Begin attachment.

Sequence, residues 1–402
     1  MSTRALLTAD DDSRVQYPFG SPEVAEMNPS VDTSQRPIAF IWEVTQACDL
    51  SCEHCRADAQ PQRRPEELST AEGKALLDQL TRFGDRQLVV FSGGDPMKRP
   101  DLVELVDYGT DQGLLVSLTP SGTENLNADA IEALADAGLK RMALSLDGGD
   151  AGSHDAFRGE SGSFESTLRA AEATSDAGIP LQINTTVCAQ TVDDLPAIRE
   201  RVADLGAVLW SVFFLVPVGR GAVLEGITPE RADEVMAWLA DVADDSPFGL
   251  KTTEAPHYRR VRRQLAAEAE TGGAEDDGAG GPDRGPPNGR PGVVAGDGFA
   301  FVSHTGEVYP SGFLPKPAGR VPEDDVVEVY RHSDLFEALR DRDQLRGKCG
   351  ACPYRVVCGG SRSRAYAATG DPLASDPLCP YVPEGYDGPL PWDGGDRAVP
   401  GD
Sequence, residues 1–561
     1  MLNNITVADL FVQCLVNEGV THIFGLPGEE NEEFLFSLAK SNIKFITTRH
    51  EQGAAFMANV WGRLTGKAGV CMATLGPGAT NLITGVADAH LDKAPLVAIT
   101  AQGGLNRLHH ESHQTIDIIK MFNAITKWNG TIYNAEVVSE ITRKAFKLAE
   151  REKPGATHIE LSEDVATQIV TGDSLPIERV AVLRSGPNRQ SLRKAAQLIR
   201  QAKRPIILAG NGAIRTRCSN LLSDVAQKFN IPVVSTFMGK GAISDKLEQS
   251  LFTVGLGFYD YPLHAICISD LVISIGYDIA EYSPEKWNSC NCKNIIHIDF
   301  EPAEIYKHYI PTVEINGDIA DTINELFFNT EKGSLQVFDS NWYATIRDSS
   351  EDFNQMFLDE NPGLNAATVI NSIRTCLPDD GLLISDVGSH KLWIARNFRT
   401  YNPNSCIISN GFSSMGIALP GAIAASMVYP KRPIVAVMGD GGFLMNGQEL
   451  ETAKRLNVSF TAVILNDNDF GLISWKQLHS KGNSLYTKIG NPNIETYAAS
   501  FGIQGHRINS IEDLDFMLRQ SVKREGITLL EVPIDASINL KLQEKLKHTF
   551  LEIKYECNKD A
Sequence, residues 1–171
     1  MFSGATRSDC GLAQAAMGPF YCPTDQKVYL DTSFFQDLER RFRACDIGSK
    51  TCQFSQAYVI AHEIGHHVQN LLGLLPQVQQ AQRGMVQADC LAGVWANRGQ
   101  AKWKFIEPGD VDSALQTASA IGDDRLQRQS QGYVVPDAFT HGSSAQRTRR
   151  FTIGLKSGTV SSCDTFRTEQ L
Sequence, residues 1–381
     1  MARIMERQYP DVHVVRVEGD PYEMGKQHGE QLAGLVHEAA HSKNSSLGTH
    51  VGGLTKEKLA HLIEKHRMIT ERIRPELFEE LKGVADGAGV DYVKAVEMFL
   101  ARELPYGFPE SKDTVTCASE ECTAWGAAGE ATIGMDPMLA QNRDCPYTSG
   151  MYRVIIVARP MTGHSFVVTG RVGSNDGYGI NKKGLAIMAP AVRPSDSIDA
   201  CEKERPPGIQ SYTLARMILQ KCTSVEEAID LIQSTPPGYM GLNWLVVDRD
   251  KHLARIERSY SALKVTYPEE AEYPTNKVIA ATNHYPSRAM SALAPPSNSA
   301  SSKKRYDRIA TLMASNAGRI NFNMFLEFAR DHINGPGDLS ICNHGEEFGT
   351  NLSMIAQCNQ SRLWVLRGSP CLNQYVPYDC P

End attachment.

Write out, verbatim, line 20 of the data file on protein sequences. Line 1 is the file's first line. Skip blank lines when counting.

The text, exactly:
   401  YNPNSCIISN GFSSMGIALP GAIAASMVYP KRPIVAVMGD GGFLMNGQEL